It’s funny; I used to not like lentils. Everyone always raved about Amma’s paripoo, but it just didn’t work for me.
But boy, I love this Sri Lankan lentil curry. Bryan thought it was the best thing we served at the party, and I think he was right. I have to credit Ethiopian food — falling in love with that cuisine in college led me around to loving lentils.
I’ve just added stretch goal #2 — if we make it to $7500, I’m committing to Serendib Teatime (I may fiddle with the name some), a selection of afternoon tea delights.
One of my favorite things to do when visiting Sri Lanka is enjoy seaside afternoon tea at the Galle Face Hotel — little sandwiches with the crusts cut off, cakes and cookies and scones, fried prawns, and of course, the best Ceylon tea. Yum.
Pledge at the $3 level or higher to get a copy of all funded ebooks — the cocktail party ebook is guaranteed now; the teatime one…well, we’ll see. We’re at $6881 now, so it’s promising, but not definite.
Photo from a tea tasting Karina and I did at a hill country plantation in 2005.
This one is for all the folks who say there can never be too much garlic in a dish. I’m no expert on Ayurvedic cooking, but from what I’ve read, garlic is used widely in Ayurvedic medicine, with claims that it’s good for the heart, hair, and digestive systems.
On the other hand, some practitioners recommend being sparing when you eat garlic and onions, as they can have a ‘heating’ effect, and some of us may run rather ‘hot’ already… I leave such weighty health decisions up to the cook! I will only vouch for this dish being delicious.
2 T vegetable oil
2 c. peeled garlic cloves
1 c. chopped onion
1-3 green chilies, seeded and sliced thinly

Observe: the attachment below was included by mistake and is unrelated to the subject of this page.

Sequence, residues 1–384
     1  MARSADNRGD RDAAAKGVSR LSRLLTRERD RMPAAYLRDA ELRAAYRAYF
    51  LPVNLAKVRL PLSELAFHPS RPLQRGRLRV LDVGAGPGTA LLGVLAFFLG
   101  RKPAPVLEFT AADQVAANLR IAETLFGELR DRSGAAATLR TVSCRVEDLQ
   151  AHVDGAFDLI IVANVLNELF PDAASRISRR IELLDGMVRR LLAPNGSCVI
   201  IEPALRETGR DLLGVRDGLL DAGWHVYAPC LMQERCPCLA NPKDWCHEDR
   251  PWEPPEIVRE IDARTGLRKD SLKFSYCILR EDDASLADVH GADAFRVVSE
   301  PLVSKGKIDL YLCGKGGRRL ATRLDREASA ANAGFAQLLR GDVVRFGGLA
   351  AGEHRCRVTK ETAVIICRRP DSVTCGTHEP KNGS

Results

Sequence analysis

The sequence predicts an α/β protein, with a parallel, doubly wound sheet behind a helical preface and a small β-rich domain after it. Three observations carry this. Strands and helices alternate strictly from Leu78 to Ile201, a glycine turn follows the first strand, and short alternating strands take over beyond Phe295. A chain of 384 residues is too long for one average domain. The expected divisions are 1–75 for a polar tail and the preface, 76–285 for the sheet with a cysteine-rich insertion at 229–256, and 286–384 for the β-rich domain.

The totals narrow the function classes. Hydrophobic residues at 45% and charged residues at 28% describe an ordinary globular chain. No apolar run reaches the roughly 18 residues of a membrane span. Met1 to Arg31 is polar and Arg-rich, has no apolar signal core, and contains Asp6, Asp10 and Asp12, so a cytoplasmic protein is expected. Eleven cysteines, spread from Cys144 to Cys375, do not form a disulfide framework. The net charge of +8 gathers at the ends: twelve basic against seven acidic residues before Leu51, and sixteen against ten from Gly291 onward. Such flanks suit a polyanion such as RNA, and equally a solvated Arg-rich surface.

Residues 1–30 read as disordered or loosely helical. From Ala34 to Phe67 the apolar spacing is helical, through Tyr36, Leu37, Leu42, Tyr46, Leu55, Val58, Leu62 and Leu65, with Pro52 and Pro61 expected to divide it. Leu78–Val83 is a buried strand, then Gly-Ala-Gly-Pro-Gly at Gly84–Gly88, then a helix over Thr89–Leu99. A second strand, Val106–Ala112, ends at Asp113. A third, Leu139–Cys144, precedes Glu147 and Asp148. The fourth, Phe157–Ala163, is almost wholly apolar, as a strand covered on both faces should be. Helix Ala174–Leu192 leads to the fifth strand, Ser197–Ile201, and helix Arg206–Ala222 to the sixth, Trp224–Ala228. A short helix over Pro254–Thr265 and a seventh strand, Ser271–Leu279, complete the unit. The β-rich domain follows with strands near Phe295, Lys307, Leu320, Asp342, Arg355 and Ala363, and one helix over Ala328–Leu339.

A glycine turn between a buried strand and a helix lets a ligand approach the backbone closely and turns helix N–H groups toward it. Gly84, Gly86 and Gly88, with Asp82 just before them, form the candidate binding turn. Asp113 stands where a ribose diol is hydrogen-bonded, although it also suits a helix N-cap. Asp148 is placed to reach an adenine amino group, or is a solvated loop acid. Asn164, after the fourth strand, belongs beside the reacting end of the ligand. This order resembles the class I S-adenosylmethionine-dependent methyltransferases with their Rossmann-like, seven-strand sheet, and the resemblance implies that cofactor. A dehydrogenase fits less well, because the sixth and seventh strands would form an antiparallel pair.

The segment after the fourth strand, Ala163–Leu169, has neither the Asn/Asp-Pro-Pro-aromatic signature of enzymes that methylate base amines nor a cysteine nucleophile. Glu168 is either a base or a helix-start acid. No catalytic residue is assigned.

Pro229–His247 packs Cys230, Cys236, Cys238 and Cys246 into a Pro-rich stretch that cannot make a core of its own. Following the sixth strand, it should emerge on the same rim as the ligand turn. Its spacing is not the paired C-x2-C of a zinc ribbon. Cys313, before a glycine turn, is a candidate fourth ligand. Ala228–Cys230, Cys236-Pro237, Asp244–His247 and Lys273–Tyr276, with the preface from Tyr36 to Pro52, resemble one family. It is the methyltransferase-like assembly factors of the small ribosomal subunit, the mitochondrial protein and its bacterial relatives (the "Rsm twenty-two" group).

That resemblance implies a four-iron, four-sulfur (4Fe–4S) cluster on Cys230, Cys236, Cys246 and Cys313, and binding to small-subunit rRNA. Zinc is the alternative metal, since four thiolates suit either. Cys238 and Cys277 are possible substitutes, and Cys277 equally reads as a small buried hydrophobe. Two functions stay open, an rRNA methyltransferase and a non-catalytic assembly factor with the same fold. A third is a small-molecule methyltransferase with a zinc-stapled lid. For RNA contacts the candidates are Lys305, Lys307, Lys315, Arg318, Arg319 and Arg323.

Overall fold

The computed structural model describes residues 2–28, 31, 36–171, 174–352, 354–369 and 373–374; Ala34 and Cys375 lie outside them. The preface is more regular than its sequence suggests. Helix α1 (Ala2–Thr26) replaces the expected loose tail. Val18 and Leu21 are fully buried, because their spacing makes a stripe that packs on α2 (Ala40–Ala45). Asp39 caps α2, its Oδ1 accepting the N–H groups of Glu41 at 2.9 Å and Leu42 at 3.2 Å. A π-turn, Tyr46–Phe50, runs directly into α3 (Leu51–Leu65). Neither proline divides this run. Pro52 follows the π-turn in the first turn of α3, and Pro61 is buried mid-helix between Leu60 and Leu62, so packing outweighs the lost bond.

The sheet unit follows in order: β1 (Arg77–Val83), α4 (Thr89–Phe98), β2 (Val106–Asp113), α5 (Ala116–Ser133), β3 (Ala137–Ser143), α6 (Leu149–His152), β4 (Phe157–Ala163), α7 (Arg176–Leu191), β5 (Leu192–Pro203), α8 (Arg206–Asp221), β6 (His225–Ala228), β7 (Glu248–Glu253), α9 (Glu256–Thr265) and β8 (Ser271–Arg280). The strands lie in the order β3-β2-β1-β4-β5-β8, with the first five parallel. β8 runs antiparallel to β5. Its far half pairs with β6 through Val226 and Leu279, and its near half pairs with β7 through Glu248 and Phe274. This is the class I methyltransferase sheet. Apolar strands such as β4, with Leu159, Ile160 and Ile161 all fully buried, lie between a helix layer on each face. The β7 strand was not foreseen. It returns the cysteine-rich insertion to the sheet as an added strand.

1 t. salt
1/2 t. ground pepper
1/2 t. fennel seeds
1/4 t. mustard seeds
1/4 t. fenugreek / methi seeds
1 stalk curry leaves (about a dozen)
2 c. coconut milk
1 T Sri Lankan roasted curry powder
1 T tamarind paste
1. Heat oil in a saucepan over medium heat. Add garlic, onions, chilies, salt, pepper, fennel, mustard, fenugreek, and curry leaves; sauté, stirring occasionally, until golden-translucent.
2. Add coconut milk, curry powder, and tamarind paste. Bring to a boil, stirring to combine, then reduce the heat and simmer until the gravy has reduced by half. Serve hot with rice or bread.
Brilliant Sri Lankan American writers Nayomi Munaweera and Sugi Ganeshananthan very kindly agreed (on very short notice!) to record a podcast episode with me. In theory, we were going to talk about doing Sri Lankan research for our books, but in actuality, we mostly talked about other Sri Lankan writers we love, and food. Lots and lots about food. ENJOY.
Morning, folks! I’m here with your Vegan Serendib Kickstarter update — and stretch goals!
We’ve blown through our $2500 goal, and are currently sitting very nicely at $4287 with two more weeks to go. More funds will let us do more stuff, so here’s the first stretch goal — if we make it to $5000, I’m going to release:
• Serendib Cocktail Party Sampler eBook (aiming for Oct. release, so you have it in plenty of time for the holiday season)
I’m planning to include a baker’s dozen of tropical recipes, including savory bites, sweet bites, and some fun drinks (both alcoholic and non).